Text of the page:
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Rate other members and even judge their movies and images! Join our community here at Meendo and discover what surprises we have in store for you!It's all here and best of all, it's entirely free!Canadian bioethics researcher Leigh Turner believes some clinics are using the U. National Institutes of Health (NIH) clinical trial site as a way to recruit patients, and then charge them for treatment.(Clinical Trials.gov) "If you're running a stem cell clinic and you can actually get something on there, you can basically take a federal website and repurpose it as a marketing tool.At the same time as he takes on Gwyneth Paltrow's Goop (see last week's newsletter), Timothy Caulfield is also fighting an alternative health battle on another front: the marketing of unproven stem cell therapies.Caulfield is the Canada Research Chair in Health Law & Policy at the University of Alberta.The study recruits entire high schools, and then tracks the students as they go from Grade 9 to Grade 12.The students fill out study questionnaires during class time and they're guaranteed strict confidentiality.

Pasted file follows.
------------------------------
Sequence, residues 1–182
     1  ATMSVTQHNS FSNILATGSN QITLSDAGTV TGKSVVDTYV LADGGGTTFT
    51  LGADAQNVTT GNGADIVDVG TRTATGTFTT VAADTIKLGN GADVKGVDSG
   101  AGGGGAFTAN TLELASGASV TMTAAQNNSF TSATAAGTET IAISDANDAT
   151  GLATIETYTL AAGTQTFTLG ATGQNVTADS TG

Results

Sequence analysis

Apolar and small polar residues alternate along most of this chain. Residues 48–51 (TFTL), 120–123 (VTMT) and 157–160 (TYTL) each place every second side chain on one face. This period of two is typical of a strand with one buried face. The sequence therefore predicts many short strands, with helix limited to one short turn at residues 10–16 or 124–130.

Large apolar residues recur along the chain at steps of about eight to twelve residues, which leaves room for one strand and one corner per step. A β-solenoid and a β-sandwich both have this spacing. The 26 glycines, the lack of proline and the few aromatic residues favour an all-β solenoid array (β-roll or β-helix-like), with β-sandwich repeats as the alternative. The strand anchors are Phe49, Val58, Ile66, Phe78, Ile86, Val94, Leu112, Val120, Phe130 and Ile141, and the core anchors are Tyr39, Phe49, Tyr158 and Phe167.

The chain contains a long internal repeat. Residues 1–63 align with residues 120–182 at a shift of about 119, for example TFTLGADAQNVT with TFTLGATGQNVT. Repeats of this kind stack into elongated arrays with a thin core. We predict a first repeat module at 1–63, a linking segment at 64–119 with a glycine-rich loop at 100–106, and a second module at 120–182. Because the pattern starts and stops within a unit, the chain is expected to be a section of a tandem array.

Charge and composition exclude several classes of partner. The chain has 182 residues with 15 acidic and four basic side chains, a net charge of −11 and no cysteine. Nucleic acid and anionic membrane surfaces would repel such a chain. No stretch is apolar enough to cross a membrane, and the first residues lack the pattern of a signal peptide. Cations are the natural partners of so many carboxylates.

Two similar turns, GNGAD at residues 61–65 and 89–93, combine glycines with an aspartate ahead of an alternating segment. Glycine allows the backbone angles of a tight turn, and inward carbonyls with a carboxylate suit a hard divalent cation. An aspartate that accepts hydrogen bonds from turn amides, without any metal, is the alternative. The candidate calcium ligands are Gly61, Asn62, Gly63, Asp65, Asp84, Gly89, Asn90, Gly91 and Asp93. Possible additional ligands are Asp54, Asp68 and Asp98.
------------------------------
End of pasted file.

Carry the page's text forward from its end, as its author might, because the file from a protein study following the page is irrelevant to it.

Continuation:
But researchers at the University of Waterloo thought teen drinking might also be an important factor.(Shutterstock/Monkey Business Images) "There's a million other reasons why people should be focused on youth alcohol control.We simply did this to try to say that everybody focused on youth obesity prevention, maybe you're missing an important contributor," said Scott Leatherdale, CIHR-PHAC Chair in Applied Public Health Research at the University of Waterloo.He's also part of an interdisciplinary group of scientists that has issued a call to action for governments, professional associations and even the World Health Organization."It just seems to be getting worse, and we felt like this was needed," Caulfield told CBC Health, adding that clinics offering unproven stem cell therapies have started springing up in Canada.

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